Tesla Motors has promised a revolution in all-electric, self driving vehicles. DESIblitz looks back at the controversial company from the beginning.
Are these vehicles little more than 'toys for rich people'?
Tesla Motors have been making a big splash in the motoring industry for many years.
The American company has revealed potentially revolutionary new paradigms for car drivers worldwide, and offered solutions to the energy crisis.
But many people still know very little about the company and what they actually sell.
DESIblitz goes back to the very beginning of this automobile industry wild card to look at how far they have come.
Named after famous engineer and physicist Nikolai Tesla, Tesla Motors first appeared in 2003, founded by Martin Eberhard, Marc Tarpenning and current CEO Elon Musk.
Concerned by the ecological and political impact of the vehicle industry’s reliance on fossil fuels, Eberhard, Tarpenning and Musk wanted to kickstart interest in all-electric vehicles again.
The modus operandi of the company was to produce commercially viable electric vehicles.
These would be initially marketed at premium end customers, but with the end goal of being affordable for someone on an average salary.
The evolution of Tesla’s vehicular development reflects their three-stage goal of incremental updates, funded by sales of previous models, primarily marketed at high end users.
Tesla’s first product, the Roadster, was made available in 2008. Built using carbon fibre glider kits secured in a contracted agreement with Lotus, the vehicle was then fitted with the company’s own proprietary electric power-train.
It was the first commercially available vehicle to run on a lithium ion battery cells, and first all-electric vehicle to be able to travel more than 200 miles on a single charge.
Production of the Roadster ceased in 2012, when Tesla’s supply of the Lotus gliders ran out. Tesla had sold more than 2,400 Roadsters since its launch.
Tesla announced the Model S in 2008, but it was not commercially available until 2012.
With a superior battery life, the Model S has been extremely popular in America and Europe, with around 75,000 sedans delivered worldwide.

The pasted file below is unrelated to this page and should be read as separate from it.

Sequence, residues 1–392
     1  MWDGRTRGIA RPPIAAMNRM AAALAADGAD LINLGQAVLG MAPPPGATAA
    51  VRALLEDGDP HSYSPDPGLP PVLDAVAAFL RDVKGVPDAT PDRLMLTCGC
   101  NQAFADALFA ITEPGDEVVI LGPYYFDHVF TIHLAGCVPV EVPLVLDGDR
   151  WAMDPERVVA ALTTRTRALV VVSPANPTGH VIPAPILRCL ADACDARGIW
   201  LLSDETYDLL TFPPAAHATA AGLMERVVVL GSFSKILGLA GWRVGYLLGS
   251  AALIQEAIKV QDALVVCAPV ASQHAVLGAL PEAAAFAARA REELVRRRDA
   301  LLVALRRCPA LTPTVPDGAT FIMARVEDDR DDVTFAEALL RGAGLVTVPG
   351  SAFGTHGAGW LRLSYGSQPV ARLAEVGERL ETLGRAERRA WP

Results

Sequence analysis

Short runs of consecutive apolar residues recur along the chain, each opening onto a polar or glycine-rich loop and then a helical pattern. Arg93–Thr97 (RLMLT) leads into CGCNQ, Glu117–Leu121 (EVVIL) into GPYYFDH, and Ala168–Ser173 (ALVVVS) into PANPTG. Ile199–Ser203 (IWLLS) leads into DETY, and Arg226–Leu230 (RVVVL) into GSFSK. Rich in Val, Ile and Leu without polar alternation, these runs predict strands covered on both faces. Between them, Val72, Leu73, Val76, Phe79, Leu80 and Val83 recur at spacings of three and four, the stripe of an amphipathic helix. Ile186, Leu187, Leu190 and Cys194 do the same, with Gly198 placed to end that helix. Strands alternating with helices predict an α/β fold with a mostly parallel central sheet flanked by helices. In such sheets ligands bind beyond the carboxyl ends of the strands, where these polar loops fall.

From 2014, all newly manufactured Model S vehicles include limited autonomous travel.
Using a system of radar, camera and ultrasonic acoustic locators, the Model S could react to other vehicles, obstacles, road markings and signs and act accordingly.
The Model X, released in 2015, is a crossover Sports Utility Vehicle.
Built from the same aluminium frame architecture of the Model S, the Model X’s frame and design have been upgraded for improved health and safety.
The vehicle has double hinged falcon doors, which Tesla claim allow for easier access.
A response to the desire for long distance travel in the Roadster, Model S or Model X, Tesla began building the Supercharger network in 2012.
The Supercharger station can give road users up to 200km of battery life off a single 20 minute charge, and fully charge a car battery from empty in an hour.
There are currently 462 supercharger stations globally, with the intention to double this by 2020. Tesla’s ultimate aim is to have their supercharger network be net-energy-positive.
Following the model of revision and efficiency, Tesla’s revealed the Model 3 in 2014. It is a smaller and budget version of the Model S that is expected to retail at around US$35,000 (£27,000).
Incorporating some of the technology from the Model S, the Model 3 will have a 200km per charge battery, a steel frame and a ‘distinctive style’.
Tesla expects to launch this new model by 2018, although full production to meet demand (pre-orders of the Model 3 sit at just over 400,000) mean that full availability of the vehicle might not be viable until 2020.